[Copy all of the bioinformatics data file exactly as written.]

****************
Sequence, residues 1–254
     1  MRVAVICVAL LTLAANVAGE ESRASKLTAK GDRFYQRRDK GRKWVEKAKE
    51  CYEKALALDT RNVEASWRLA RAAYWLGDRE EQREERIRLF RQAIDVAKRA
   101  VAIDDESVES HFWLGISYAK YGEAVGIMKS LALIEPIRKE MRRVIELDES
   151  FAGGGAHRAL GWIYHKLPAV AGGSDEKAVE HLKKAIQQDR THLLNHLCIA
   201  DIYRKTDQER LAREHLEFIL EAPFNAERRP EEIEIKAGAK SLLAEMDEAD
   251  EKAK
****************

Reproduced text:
Sequence, residues 1–254
     1  MRVAVICVAL LTLAANVAGE ESRASKLTAK GDRFYQRRDK GRKWVEKAKE
    51  CYEKALALDT RNVEASWRLA RAAYWLGDRE EQREERIRLF RQAIDVAKRA
   101  VAIDDESVES HFWLGISYAK YGEAVGIMKS LALIEPIRKE MRRVIELDES
   151  FAGGGAHRAL GWIYHKLPAV AGGSDEKAVE HLKKAIQQDR THLLNHLCIA
   201  DIYRKTDQER LAREHLEFIL EAPFNAERRP EEIEIKAGAK SLLAEMDEAD
   251  EKAK